Supercomputer variant of Kahan quote

Article: Intel's Near-Threshold Voltage Computing and Applications
By: anon (anon.delete@this.anon.com), October 19, 2012 2:27 am
Room: Moderated Discussions
Robert Myers (rbmyersusa.delete@this.gmail.com) on October 18, 2012 1:29 pm wrote:
> anon (anon.delete@this.anon.com) on October 17, 2012 9:02 pm wrote:
> >
> Michael S (already5chosen.delete@this.yahoo.com) on October 17, 2012 6:56 pm
>
>
> > >
> > > According to my understanding, you are talking about
> IBM
> > research
> > > paper from 9 years ago that investigated
> calculation of
> > relatively tiny
> > > volumetric FFT (N=128, total
> dataset = 32 MB).
> > > BG/Q
> > of today is very different
> > >
> machine from BG/L of 2003. Today's tightly
> > coupled 32-node "compute
> drawer" is
> > > almost as big, when measured by
> > FLOPs, caches or
> memories, as 512-node BG/L from
> > > then. But the question is
> > - why
> bother with parallelizing such small data set
> > > over so many loosely
>
> > coupled computing elements?
> > > Is it in same way similar to
>
> > > what you
> > want to do? From one of our previous discussions on
> comp.arch I got the
> > >
> > impression that you are interested in much
> bigger cubes that likely have very
> >
> > > different scaling
> characteristic on BlueGene type of machines. And it's
> > not
> > >
> obvious to me that their scaling characteristics are worse than small
> >
> cube.
> > >
> >
> > They are not. Larger N means the problem is
> inherently more
> > parallel. For example, see:
> >
> >
> http://code.google.com/p/p3dfft/
> >
> > "P3DFFT uses
> > 2D, or pencil,
> decomposition. This overcomes an important limitation to
> > scalability
> inherent in FFT libraries implementing 1D (or slab) decomposition:
> > the
> number of processors/tasks used to run this problem in parallel can be as
> >
> large as N^2, were N is the linear problem size. This approach has shown good
>
> > scalability up to 32,768 cores on Ranger (Sun/AMD at TACC) when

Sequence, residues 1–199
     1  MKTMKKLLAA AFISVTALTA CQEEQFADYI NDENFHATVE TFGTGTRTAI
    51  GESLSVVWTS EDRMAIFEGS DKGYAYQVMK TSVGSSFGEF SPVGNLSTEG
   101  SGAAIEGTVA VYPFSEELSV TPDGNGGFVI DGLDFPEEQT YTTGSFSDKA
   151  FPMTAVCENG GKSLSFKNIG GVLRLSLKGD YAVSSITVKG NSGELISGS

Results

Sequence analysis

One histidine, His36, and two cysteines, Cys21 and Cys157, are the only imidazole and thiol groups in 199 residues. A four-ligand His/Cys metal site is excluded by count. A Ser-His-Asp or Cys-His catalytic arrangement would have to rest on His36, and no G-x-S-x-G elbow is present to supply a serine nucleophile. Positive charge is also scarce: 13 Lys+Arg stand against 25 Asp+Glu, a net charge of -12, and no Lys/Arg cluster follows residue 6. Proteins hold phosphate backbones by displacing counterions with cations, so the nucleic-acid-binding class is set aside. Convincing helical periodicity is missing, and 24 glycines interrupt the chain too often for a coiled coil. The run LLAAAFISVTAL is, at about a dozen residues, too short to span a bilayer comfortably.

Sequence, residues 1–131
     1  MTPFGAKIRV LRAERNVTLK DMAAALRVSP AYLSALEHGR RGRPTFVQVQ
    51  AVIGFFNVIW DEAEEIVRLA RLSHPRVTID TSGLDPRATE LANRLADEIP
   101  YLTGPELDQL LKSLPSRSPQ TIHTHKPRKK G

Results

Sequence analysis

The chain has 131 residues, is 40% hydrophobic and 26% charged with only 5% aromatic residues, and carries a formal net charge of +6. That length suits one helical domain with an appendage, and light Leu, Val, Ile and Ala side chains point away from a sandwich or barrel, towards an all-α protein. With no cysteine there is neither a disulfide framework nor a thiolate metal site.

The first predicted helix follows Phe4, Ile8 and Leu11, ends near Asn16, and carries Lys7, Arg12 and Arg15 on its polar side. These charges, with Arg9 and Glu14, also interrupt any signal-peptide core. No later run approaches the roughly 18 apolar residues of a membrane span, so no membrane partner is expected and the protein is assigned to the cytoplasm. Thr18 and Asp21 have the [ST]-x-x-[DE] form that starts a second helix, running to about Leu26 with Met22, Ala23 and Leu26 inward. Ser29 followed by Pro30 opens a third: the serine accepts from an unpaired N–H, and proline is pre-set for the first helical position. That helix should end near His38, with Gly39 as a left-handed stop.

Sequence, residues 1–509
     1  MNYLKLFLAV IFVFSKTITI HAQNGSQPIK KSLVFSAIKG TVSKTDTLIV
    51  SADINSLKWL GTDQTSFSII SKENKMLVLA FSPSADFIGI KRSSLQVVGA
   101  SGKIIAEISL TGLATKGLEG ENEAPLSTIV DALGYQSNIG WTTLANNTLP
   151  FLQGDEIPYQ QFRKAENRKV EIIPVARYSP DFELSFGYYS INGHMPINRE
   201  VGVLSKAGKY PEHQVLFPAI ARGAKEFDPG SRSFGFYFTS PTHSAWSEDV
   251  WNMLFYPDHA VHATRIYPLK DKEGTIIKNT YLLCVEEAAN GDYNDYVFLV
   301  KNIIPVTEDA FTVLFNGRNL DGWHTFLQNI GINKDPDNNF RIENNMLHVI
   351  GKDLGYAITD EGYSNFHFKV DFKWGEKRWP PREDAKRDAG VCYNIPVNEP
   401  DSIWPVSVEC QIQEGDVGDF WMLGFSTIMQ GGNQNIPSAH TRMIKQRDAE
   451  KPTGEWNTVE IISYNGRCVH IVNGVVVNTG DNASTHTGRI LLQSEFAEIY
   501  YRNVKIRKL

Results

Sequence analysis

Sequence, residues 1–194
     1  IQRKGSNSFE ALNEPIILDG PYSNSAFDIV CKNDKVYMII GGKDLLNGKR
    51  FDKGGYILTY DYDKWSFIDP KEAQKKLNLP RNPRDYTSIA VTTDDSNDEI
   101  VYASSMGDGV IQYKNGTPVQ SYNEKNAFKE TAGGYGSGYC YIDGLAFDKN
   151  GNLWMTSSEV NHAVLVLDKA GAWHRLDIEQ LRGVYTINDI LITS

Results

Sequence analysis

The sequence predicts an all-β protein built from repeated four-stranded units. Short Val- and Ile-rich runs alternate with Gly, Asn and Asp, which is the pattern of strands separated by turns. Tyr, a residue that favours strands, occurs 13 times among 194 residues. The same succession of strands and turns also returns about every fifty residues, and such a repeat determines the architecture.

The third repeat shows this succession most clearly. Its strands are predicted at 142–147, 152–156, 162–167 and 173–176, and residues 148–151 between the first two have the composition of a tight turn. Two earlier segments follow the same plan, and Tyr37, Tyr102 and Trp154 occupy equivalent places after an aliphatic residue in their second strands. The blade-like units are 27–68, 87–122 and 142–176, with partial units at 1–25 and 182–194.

> integrated into
> > a Direct Numerical Simulation (DNS) turbulence
> application (see scaling analysis
> > presentation at Teragrid’08 meeting,
> Las Vegas)."
> >
> > From the linked
> > paper:
> >
> > "This code
> has been run on Ranger at 40963 resolution using 16K cores,
> > with 87%
> strong scaling for a quadrupling of core count from 4K to 16K. Testing
> > at
> large core counts has also been performed on IBM BG/L and CRAY XT4’s at
> >
> other major supercomputing sites, with 98% strong scaling observed between 16K
>
> > and 32K cores on the former."
> >
> > I'm not saying that every
> problem scales well,
> > but it's simply false to claim that HPC is nothing
> but linpack and no real work
> > ever gets done on them, or that it would be
> much more economical to invest all
> > the money in custom CPUs. So the basis
> for the claim that "everybody else is
> > doing it wrong" is already on
> pretty shaky ground.
> >
> I would appreciate it very much if you would stop
> putting words into my mouth. At no point have I ever said what you just
> "quoted" me as saying.

I did not quote you as saying, I paraphrased. But it is pretty much what you're saying. I can quite easily quote you if you need any reminding.

> In another post, I have explained what my real position
> is with respect to these super-gigantic but not-so-super computers.
>
> For one
> thing, I feel like I keep having the same discussion over and over again. I get